Navigation Links
Study finds routine periodic fasting is good for your health, and your heart

Murray, UT (4/03/11) Fasting has long been associated with religious rituals, diets, and political protests. Now new evidence from cardiac researchers at the Intermountain Medical Center Heart Institute demonstrates that routine periodic fasting is also good for your health, and your heart.

Today, research cardiologists at the Intermountain Medical Center Heart Institute are reporting that fasting not only lowers one's risk of coronary artery disease and diabetes, but also causes significant changes in a person's blood cholesterol levels. Both diabetes and elevated cholesterol are known risk factors for coronary heart disease.

The discovery expands upon a 2007 Intermountain Healthcare study that revealed an association between fasting and reduced risk of coronary heart disease, the leading cause of death among men and women in America. In the new research, fasting was also found to reduce other cardiac risk factors, such as triglycerides, weight, and blood sugar levels.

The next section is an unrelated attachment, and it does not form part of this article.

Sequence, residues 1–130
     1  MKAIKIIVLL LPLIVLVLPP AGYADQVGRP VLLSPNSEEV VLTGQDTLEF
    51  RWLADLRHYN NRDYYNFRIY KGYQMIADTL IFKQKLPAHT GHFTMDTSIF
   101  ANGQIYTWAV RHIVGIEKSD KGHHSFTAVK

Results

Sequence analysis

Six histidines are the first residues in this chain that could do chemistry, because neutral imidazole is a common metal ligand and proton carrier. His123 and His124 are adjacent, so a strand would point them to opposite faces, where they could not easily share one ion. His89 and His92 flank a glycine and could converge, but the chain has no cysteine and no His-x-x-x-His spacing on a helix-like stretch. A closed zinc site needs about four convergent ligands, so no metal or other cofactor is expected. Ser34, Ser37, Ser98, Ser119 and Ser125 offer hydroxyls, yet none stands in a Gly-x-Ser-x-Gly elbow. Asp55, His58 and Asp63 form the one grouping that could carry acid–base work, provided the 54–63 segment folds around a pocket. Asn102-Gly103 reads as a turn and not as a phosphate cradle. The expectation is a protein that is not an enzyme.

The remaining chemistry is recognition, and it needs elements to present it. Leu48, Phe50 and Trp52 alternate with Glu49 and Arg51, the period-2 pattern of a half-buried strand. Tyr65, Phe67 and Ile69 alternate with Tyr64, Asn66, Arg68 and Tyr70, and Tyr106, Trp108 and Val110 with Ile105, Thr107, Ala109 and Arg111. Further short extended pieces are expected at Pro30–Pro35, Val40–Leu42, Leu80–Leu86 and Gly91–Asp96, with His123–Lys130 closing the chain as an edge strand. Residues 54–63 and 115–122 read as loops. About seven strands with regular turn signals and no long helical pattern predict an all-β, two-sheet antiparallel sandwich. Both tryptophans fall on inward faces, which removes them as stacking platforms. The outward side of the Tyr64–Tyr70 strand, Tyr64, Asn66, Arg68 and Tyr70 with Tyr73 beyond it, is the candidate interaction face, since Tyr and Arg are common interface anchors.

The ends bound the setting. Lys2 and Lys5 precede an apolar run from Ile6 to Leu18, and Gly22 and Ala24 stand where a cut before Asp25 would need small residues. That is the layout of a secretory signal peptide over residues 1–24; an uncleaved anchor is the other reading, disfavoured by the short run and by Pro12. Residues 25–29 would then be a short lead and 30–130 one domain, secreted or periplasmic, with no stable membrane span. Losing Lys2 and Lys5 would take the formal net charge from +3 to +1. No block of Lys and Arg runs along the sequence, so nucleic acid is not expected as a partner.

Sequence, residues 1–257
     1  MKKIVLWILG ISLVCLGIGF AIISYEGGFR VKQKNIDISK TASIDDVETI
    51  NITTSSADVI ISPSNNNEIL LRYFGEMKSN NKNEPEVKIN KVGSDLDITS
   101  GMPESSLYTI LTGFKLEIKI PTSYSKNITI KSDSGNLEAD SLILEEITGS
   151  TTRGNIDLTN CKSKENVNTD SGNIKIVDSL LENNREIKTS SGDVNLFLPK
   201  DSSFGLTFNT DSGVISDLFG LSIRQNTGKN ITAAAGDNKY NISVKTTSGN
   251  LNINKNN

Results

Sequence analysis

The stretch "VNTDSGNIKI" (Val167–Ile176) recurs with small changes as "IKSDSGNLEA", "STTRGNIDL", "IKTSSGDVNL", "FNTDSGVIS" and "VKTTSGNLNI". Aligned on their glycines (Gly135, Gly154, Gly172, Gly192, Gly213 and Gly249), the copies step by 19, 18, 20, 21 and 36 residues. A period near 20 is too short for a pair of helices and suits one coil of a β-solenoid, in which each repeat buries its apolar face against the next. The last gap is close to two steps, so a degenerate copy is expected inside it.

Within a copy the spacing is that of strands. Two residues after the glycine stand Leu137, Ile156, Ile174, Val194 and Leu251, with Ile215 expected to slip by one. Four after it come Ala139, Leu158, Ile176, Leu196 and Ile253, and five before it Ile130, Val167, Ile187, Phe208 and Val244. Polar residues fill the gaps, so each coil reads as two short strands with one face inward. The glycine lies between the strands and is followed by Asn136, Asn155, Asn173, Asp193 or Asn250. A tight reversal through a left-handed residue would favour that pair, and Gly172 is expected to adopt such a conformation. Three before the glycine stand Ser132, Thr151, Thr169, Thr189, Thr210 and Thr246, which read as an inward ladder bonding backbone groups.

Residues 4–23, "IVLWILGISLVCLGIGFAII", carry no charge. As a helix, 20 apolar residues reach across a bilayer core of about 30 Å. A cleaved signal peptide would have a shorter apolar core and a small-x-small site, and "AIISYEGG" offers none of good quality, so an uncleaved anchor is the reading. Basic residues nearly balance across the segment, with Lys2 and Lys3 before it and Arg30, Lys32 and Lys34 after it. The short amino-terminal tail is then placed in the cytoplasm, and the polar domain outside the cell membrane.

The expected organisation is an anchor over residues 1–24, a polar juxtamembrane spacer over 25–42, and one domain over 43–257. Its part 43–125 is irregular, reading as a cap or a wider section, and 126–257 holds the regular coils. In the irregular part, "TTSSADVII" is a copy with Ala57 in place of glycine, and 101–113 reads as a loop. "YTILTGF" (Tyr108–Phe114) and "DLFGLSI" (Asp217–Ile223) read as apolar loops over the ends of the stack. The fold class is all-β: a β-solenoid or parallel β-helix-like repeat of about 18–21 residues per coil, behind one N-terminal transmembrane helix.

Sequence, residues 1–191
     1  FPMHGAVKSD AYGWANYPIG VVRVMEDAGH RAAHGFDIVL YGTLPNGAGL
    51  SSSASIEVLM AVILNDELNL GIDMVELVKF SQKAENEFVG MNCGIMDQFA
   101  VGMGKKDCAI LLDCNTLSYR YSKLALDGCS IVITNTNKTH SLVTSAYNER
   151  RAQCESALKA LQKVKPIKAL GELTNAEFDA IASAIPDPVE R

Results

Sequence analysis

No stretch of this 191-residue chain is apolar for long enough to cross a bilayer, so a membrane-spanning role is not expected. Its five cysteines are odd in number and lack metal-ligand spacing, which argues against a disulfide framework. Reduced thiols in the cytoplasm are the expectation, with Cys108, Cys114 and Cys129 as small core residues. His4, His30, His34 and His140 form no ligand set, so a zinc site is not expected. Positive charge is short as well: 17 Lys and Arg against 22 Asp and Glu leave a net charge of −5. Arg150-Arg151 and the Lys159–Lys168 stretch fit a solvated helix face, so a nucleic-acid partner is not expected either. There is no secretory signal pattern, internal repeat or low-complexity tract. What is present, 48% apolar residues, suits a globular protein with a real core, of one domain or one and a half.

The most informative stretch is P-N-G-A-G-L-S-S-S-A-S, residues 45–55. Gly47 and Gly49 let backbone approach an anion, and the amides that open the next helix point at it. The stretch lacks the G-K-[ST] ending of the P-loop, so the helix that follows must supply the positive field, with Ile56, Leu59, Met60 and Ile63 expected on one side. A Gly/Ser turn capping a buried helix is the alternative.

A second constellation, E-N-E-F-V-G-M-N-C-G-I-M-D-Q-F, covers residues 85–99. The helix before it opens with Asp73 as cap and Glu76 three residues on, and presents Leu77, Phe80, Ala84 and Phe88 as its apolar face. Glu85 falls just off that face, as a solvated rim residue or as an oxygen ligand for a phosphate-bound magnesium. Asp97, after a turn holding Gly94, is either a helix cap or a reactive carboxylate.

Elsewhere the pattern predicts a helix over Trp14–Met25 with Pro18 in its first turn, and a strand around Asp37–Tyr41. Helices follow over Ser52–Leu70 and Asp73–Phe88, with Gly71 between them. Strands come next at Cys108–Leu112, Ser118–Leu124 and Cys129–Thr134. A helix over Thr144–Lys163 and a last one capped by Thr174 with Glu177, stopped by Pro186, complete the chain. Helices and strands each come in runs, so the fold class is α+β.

The findings were presented Sunday, April 3, at the annual scientific sessions of the American College of Cardiology in New Orleans.

"These new findings demonstrate that our original discovery was not a chance event," says Dr. Benjamin D. Horne, PhD, MPH, director of cardiovascular and genetic epidemiology at the Intermountain Medical Center Heart Institute, and the study's principal investigator. "The confirmation among a new set of patients that fasting is associated with lower risk of these common diseases raises new questions about how fasting itself reduces risk or if it simply indicates a healthy lifestyle."

Unlike the earlier research by the team, this new research recorded reactions in the body's biological mechanisms during the fasting period. The participants' low-density lipoprotein cholesterol (LDL-C, the "bad" cholesterol) and high-density lipoprotein cholesterol (HDL-C, the "good" cholesterol) both increased (by 14 percent and 6 percent, respectively) raising their total cholesterol and catching the researchers by surprise.

"Fasting causes hunger or stress. In response, the body releases more cholesterol, allowing it to utilize fat as a source of fuel, instead of glucose. This decreases the number of fat cells in the body," says Dr. Horne. "This is important because the fewer fat cells a body has, the less likely it will experience insulin resistance, or diabetes."